EveryCat Health Foundation currently has 2 open RFPs (Request For Proposals), the Miller Trust Grant, which closes on August 29th, 2022, and the CaP-K Grant, which closes on September 26th, 2022. For more information about the grants and how to submit a proposal, please visit our OPEN REQUEST FOR PROPOSALS page.

Bells on Cat Collars

Gordon JK, Matthaei C, van Heezik Y: Belled collars reduce catch of domestic cats in New Zealand by half, Wildlife Research 37:372, 2010.

Domestic cats, both feral and pet, can be significant predators of small wildlife in urban and suburban settings. In many countries, outdoor access for owned cats is common. While belled collars are a simple and inexpensive way to mitigate predatory behavior, public perception is often that they do not work. Researchers in New Zealand investigated the effectiveness of belled collars to reduce prey catches. Thirty households with a total of 45 cats participated in the study, as owners of these cats reported at least one prey catch per cat per week. Cats were assessed for successful predation for 6 weeks with a collar, and 6 weeks without a collar. Cats were divided into two groups with equal proportions of males and females. One group wore the belled collar the first six weeks, the second group wore the collar the second six weeks. Predation of birds was reduced 50%, and of rodents, 61%. Numbers of rats, lizards and insects were not affected. Gender, age, and season did not affect the results. The researchers concluded that belled collars were effective at reducing successful predation. [MK]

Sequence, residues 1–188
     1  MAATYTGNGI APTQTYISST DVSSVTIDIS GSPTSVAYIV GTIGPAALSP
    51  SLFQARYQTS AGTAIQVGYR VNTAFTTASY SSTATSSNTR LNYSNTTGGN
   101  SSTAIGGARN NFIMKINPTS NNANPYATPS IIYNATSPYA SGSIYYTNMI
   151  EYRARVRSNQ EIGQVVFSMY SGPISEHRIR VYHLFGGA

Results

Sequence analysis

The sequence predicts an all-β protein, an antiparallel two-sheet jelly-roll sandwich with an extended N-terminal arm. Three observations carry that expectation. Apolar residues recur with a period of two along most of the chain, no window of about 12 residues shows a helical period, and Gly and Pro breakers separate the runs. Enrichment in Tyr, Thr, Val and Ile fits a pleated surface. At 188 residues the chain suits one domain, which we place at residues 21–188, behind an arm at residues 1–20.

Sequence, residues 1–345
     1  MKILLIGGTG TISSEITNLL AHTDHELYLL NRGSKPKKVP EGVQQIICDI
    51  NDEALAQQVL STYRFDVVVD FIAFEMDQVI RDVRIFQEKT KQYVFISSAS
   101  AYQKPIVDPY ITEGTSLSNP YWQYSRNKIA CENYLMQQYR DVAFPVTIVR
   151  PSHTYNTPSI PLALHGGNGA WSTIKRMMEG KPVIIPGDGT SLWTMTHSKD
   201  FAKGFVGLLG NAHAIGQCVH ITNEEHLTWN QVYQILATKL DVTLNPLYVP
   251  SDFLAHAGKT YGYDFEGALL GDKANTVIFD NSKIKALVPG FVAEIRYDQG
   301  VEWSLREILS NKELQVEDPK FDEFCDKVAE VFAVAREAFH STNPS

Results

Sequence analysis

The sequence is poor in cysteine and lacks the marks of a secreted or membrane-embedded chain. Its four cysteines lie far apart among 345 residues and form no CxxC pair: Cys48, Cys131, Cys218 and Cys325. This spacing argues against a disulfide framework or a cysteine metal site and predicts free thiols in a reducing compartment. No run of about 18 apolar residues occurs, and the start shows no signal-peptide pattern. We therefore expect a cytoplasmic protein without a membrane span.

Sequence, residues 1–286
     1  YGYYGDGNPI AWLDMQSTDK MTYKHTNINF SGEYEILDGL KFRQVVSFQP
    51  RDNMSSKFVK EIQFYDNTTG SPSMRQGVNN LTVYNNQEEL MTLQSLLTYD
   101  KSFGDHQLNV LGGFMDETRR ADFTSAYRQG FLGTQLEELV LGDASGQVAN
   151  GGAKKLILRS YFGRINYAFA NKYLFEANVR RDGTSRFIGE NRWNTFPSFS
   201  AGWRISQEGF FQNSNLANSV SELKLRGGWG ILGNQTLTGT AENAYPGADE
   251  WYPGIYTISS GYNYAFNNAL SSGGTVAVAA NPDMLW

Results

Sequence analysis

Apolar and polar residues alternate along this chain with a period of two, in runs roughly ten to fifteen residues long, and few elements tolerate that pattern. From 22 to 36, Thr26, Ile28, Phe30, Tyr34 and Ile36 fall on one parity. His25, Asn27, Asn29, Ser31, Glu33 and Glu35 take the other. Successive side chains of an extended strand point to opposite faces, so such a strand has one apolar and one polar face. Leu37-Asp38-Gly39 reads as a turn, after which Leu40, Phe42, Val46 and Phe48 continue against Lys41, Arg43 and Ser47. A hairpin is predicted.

Related articles:
Lord LK: Attitudes toward and perceptions of free-roaming cats among individuals living in Ohio, J Am Vet Med Assoc 232:1159, 2008.